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What task designers do.

Research output: Contribution to Journal/MagazineJournal articlepeer-review

<mark>Journal publication date</mark>07/2000
<mark>Journal</mark>Language Teaching Research
Issue number3
Number of pages21
Pages (from-to)301-321
Publication StatusPublished
<mark>Original language</mark>English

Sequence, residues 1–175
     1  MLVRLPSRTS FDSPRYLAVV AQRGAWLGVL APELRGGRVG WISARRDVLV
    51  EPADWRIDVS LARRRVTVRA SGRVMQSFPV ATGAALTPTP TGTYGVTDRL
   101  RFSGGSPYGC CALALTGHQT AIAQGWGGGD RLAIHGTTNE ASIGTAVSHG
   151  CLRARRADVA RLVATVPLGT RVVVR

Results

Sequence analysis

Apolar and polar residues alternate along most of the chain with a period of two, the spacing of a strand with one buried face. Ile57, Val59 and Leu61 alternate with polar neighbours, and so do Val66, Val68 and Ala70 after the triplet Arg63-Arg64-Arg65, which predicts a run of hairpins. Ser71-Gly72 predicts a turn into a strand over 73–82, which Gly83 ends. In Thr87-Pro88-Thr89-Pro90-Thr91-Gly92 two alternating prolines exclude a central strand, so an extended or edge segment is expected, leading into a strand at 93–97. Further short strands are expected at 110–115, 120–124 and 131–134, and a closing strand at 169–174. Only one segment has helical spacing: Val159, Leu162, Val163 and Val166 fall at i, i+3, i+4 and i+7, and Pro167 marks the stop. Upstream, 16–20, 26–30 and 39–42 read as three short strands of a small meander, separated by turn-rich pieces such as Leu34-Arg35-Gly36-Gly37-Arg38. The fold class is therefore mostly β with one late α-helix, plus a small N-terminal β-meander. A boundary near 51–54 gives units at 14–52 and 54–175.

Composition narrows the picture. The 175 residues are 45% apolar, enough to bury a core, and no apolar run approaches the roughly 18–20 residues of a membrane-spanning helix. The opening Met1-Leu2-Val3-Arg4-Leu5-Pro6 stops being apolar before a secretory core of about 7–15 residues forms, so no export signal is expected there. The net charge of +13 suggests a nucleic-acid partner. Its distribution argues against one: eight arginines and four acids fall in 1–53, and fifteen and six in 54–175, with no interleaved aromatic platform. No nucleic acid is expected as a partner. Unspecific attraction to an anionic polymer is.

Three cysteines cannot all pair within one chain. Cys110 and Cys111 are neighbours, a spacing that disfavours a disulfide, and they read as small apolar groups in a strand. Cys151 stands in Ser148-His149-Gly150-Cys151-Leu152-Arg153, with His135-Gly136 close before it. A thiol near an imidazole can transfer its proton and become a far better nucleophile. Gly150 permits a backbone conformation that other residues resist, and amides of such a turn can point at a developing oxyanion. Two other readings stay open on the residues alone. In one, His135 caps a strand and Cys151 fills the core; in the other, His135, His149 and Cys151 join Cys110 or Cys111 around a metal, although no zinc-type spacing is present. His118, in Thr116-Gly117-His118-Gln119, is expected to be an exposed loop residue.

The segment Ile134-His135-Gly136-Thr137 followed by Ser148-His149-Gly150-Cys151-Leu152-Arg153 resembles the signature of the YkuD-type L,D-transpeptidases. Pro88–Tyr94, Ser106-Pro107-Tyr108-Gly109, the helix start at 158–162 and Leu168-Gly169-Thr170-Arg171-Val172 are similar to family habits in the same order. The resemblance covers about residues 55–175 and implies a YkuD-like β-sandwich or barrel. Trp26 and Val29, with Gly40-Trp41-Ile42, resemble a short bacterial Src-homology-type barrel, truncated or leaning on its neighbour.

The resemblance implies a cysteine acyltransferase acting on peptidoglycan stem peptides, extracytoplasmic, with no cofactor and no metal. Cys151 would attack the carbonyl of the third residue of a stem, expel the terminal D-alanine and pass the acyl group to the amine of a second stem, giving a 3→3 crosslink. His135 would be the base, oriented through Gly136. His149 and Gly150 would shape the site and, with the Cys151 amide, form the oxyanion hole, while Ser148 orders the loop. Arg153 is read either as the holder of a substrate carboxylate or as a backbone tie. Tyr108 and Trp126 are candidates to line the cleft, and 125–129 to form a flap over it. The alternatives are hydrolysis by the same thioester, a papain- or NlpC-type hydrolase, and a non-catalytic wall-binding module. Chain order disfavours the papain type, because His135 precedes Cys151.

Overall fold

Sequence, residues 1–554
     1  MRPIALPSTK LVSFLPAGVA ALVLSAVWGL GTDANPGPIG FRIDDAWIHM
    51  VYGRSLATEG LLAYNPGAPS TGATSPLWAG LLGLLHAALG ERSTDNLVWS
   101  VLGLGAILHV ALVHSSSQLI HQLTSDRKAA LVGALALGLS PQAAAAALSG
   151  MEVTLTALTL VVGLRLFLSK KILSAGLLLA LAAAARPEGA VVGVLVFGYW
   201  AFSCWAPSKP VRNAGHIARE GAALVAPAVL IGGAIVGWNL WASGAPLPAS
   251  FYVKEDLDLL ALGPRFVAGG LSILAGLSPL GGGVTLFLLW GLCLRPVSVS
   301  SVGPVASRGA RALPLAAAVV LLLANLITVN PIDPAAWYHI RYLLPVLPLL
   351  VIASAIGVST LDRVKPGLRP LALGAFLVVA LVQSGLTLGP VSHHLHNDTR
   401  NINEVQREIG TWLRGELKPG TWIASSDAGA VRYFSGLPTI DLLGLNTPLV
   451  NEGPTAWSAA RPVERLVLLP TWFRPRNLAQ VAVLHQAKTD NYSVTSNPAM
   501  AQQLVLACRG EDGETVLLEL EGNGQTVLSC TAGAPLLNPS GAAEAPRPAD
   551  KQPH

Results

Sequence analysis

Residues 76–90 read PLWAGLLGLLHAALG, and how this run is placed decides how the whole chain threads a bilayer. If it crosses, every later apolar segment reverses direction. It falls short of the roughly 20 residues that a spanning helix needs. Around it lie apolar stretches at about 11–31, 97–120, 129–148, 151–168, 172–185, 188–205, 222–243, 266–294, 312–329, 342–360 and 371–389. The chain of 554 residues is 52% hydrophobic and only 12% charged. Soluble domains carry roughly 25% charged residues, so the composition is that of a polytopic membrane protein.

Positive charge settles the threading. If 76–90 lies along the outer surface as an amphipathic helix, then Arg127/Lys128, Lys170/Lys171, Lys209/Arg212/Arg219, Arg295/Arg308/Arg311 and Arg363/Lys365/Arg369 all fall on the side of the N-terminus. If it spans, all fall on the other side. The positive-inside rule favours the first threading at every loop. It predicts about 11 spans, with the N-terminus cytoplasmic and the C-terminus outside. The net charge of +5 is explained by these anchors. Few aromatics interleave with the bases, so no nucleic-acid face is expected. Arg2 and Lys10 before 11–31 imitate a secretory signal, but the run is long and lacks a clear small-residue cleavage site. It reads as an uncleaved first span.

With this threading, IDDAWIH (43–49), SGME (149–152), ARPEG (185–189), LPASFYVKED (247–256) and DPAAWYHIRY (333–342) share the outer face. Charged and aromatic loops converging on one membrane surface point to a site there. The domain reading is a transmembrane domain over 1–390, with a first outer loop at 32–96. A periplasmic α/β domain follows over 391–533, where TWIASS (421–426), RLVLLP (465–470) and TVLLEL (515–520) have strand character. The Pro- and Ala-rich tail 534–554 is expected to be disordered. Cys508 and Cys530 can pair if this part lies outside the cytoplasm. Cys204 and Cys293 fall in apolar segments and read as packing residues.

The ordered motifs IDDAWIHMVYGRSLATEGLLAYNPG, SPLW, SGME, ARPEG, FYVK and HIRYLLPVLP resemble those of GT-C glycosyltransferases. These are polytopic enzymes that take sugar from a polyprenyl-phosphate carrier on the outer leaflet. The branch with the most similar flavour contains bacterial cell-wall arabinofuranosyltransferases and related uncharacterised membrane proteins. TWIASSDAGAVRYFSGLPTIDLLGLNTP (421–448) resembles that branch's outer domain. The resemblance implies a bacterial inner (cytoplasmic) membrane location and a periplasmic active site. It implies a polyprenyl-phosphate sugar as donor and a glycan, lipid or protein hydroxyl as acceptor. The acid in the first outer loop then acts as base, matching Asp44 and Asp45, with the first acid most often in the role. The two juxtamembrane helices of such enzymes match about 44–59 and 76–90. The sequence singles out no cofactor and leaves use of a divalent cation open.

This paper describes part of a research project which is concerned with the design procedures followed by those engaged in designing pedagogic tasks for use in classrooms. The project as a whole is at first briefly described. The paper then focuses on that part of the project which involves actual observation of designers in the process of developing one specific task for class use. Two groups of designers are observed, specialist designers and non-specialists. Findings are presented under three headings. The first, ‘control procedures’, relates to the overall design patterns followed by the subjects. On this level, significant differences between specialists and non-specialists are identified. Second, the ‘design schemata’ of the subjects -the knowledge and belief systems they bring to the activity -are identified, particularly as they relate to the way design is undertaken. On this level, two broad designer types emerge, called language-oriented, and task-oriented. The main concern of the former is to develop tasks with valuable language content, while the latter are more concerned with providing what they regard as interesting and meaningful activities. The third heading, ‘heuristics’, deals with how specific and detailed design problems are tackled. On this level, a number of characteristics are identified, some though not all relating to the specialist/non-specialist distinction. The paper concludes with some observations regarding the production of a Task Design Guide, which the project undertook as part of its aim.